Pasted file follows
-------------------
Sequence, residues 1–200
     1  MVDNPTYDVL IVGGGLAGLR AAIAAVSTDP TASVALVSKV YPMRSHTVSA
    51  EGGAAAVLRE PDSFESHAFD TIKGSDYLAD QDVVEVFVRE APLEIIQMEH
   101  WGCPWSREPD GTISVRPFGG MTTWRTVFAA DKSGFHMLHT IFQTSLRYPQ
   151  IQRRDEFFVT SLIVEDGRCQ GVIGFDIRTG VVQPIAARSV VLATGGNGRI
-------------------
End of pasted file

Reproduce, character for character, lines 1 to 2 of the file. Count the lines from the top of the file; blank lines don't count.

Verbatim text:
Sequence, residues 1–200
     1  MVDNPTYDVL IVGGGLAGLR AAIAAVSTDP TASVALVSKV YPMRSHTVSA